Globalization and Human Rights
What is globalization? What is the history of globalization? What are the pros and cons of globalization? How does globalization impact states, businesses, and individuals? These are just some of the questions that are brought up when thinking about this topic in international relations.
In this article, we want to examine the relationship between globalization and human rights. As linked to above, elsewhere we look at how globalization is often viewed as a negative by many, particularly those that cite the human rights violations by states and corporations in this more globalized system. However, we want to examine other ways that globalization and human rights can go together. More specifically, how has the human rights movement been affected by globalization?
Human Rights and Globalization
It could be argued that the human rights movement (and international human rights law) has greatly benefited from the rise of globalization. Within less than a century, international activists have been able to use the benefits of globalization for their own work on ensuring that all individuals are guaranteed legal rights in their own state, as well as internationally. Of course, these goals are far from being fully reached. There is not a day that goes by in which someone cannot find an article published about particular human rights abuses that are taking place in a country.
However, while that is of course the case, through globalization, human rights activists have been able to expand their reach both domestically and in the international system.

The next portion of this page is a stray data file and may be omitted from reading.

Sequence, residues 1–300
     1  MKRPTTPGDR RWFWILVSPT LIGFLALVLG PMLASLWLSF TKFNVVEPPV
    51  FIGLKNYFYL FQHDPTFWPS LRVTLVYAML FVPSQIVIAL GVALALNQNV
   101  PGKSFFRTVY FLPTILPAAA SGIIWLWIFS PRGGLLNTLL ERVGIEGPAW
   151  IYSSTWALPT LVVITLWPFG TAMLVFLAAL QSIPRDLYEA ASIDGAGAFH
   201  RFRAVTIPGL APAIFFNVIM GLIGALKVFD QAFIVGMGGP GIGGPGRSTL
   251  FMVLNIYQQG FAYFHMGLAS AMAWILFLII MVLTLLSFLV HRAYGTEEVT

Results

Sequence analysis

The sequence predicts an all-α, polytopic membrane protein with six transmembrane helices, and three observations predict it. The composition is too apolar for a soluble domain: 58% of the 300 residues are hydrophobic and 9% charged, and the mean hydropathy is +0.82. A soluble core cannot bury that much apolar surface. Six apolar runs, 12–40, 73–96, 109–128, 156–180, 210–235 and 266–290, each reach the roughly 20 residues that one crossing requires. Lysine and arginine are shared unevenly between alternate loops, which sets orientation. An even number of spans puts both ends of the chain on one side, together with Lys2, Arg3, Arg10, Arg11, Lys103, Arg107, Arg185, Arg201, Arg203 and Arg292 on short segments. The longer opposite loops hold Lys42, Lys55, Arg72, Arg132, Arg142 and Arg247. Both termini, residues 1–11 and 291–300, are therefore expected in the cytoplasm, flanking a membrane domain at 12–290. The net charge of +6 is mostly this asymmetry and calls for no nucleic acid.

Prior to the most recent rise of globalization, the idea of human rights, while existing, was not given nearly the same level of international attention as one could argue we see today. States were the primary actors, and little could get in the way of how they treated their citizens.
However, with the rise of globalization has come numerous possibilities for increased pressures on government to respect their rights of their citizens.
Take international human rights law, for example. Through the globalization of international norms (and international codified norms through the United Nations), there have been a host of legally binding documents related to issues of human rights that have been passed. Activists have been able to spread messages of common values and rights, speaking with one another throughout the various parts of the world about how to increase human rights. As a result, while state power is still very real in international relations, one could argue that the international human rights system has ways that states’ influence and ability to get away with crimes is far less than it has ever been in history.